The Universe. The biggest story ever told.

Astronomy and astrophysics, as most on this list know, are giving us
a dramatic new, evidence-based perspective on our place in the
universe. The astronomers, astrophysicists and cosmologists who stare
into space, literally, are the agents of humanity’s ancient longing
to know where we live and how we got here.

So, the Knight Science Journalism Fellowships program at MIT is
staging a three-day workshop on the fundamentals of these fields for
journalists, especially those who work for general interest media.
This will be the first in an annual series of Kavli Science
Journalism Workshops, funded by major gifts from the Kavli Foundation
and Fred Kavli.

This workshop will teach the basics of what is known–from our solar
system out to the farthest reaches of the universe. Then we’ll delve
into new discoveries about such things as extra-solar planets, black
holes, galactic nuclei, dark matter and dark energy. And, of course,
we’ll find out what is currently thought about the original moments
of the universe. Finally, you’ll hear about some of the most exciting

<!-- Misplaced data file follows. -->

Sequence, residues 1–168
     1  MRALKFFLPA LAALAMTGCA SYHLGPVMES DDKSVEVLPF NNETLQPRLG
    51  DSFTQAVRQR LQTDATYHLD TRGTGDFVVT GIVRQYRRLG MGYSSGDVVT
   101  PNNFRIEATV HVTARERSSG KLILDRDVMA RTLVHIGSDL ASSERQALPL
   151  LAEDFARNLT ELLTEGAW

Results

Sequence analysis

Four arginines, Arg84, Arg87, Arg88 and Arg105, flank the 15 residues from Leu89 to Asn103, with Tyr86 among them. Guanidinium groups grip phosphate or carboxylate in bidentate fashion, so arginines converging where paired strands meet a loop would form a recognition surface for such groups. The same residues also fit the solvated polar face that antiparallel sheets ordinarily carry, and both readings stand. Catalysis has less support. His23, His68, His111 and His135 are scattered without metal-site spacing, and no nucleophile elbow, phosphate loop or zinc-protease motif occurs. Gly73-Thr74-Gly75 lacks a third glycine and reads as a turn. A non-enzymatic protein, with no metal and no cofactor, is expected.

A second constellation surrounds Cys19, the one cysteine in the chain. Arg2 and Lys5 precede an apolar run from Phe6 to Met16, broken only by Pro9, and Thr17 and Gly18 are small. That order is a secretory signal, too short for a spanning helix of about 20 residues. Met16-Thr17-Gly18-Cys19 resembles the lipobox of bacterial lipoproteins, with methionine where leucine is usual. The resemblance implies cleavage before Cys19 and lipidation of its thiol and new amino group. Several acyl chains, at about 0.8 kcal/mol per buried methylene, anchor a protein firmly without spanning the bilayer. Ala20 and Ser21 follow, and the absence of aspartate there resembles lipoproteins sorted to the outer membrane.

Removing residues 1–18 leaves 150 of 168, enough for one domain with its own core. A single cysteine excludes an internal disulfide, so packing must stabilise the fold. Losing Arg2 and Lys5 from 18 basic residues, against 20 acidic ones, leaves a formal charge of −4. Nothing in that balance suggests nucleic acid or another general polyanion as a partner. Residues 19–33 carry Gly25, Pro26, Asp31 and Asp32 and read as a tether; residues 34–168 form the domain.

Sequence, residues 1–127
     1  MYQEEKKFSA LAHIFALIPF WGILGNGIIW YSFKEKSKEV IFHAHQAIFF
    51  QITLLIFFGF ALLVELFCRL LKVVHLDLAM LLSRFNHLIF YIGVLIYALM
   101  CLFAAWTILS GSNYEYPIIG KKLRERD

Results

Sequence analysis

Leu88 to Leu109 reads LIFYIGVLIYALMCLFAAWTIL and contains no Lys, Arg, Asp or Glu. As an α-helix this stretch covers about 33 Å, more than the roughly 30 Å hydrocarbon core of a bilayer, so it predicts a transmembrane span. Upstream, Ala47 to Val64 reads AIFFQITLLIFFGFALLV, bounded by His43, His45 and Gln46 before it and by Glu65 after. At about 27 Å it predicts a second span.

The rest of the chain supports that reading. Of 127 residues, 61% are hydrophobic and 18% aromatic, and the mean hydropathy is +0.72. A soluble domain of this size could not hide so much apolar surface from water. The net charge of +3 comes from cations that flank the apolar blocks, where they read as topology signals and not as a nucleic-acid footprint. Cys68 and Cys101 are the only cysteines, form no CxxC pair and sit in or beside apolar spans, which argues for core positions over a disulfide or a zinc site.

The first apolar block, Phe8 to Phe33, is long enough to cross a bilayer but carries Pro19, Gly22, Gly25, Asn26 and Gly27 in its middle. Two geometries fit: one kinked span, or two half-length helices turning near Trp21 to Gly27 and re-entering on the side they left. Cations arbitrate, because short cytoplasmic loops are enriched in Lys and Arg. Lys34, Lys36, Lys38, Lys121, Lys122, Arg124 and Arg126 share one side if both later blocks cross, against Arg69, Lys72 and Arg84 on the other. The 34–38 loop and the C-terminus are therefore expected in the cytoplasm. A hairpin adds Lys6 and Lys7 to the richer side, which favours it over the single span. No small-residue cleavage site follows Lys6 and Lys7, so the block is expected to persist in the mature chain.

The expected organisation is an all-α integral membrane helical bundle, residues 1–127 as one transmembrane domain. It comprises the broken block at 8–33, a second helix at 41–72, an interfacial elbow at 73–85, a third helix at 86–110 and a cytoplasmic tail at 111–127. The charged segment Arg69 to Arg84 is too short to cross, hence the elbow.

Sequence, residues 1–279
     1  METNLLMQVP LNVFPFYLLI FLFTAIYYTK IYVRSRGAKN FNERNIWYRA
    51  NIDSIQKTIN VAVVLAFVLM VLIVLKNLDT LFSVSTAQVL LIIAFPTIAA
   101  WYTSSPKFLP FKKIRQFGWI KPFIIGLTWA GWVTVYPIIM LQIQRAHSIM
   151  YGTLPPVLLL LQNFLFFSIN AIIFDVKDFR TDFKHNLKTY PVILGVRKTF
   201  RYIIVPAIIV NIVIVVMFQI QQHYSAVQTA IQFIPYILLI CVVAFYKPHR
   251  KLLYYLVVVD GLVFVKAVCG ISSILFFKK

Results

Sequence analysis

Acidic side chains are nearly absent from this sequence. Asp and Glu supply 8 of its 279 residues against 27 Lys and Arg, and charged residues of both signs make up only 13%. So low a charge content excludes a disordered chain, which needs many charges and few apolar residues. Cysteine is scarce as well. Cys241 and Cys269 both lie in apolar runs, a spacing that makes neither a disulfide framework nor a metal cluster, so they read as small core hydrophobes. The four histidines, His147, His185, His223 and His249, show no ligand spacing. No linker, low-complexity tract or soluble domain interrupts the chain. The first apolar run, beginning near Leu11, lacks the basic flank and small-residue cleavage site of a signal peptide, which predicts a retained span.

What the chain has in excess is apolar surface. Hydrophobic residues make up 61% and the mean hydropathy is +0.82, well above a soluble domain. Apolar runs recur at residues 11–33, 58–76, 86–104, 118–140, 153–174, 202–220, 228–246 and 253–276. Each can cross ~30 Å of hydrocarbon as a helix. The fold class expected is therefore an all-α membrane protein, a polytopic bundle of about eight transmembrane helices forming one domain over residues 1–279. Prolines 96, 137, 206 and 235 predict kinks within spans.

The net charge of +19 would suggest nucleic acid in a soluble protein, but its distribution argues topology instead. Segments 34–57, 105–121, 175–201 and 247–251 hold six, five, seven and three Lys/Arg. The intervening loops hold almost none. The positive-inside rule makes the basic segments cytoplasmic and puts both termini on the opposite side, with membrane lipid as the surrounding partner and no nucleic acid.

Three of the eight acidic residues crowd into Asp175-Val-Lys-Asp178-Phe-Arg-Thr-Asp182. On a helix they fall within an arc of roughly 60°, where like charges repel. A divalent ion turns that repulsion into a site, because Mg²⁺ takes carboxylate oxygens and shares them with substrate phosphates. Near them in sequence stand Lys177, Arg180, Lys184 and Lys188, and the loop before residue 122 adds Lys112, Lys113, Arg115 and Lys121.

new telescopes being developed to see farther in space…and further
back in time.

Applicants may be reporters, writers, editors or producers and must
have at least five years full-time experience in journalism.
Preference will be given to staffers at news organizations.
Applicants may be from any country. If selected, we will reimburse
you for up to $500 of your travel expenses to Cambridge and pay for
your hotel room and most meals. The Workshop begins with a dinner on
the evening of June 25 and runs through June 28. Participants are
required to attend all sessions.

Application materials must be received no later than April 16.
Selections will be announced by May 15.

For further information and to download an application, please visit

Editors Note: Workshop dates: June 25-28, 2007, MIT